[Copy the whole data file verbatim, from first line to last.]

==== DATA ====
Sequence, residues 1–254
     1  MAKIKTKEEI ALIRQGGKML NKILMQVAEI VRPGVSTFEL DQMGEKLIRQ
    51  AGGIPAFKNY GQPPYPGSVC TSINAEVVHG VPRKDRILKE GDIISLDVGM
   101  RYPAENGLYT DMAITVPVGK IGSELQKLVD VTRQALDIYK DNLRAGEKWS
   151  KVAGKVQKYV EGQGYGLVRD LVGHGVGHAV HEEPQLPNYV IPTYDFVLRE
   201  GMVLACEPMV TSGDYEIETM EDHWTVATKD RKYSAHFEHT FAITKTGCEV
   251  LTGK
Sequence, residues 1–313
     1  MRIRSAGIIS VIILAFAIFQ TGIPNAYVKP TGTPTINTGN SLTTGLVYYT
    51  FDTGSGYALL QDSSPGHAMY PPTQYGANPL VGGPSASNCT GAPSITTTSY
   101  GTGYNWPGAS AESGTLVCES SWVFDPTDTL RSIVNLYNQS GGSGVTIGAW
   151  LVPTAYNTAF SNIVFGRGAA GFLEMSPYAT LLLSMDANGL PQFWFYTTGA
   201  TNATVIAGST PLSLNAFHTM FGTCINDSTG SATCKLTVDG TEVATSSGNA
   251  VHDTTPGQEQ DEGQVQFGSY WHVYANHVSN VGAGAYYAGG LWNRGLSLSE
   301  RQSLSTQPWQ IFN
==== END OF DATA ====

Sequence, residues 1–254
     1  MAKIKTKEEI ALIRQGGKML NKILMQVAEI VRPGVSTFEL DQMGEKLIRQ
    51  AGGIPAFKNY GQPPYPGSVC TSINAEVVHG VPRKDRILKE GDIISLDVGM
   101  RYPAENGLYT DMAITVPVGK IGSELQKLVD VTRQALDIYK DNLRAGEKWS
   151  KVAGKVQKYV EGQGYGLVRD LVGHGVGHAV HEEPQLPNYV IPTYDFVLRE
   201  GMVLACEPMV TSGDYEIETM EDHWTVATKD RKYSAHFEHT FAITKTGCEV
   251  LTGK
Sequence, residues 1–313
     1  MRIRSAGIIS VIILAFAIFQ TGIPNAYVKP TGTPTINTGN SLTTGLVYYT
    51  FDTGSGYALL QDSSPGHAMY PPTQYGANPL VGGPSASNCT GAPSITTTSY
   101  GTGYNWPGAS AESGTLVCES SWVFDPTDTL RSIVNLYNQS GGSGVTIGAW
   151  LVPTAYNTAF SNIVFGRGAA GFLEMSPYAT LLLSMDANGL PQFWFYTTGA
   201  TNATVIAGST PLSLNAFHTM FGTCINDSTG SATCKLTVDG TEVATSSGNA
   251  VHDTTPGQEQ DEGQVQFGSY WHVYANHVSN VGAGAYYAGG LWNRGLSLSE
   301  RQSLSTQPWQ IFN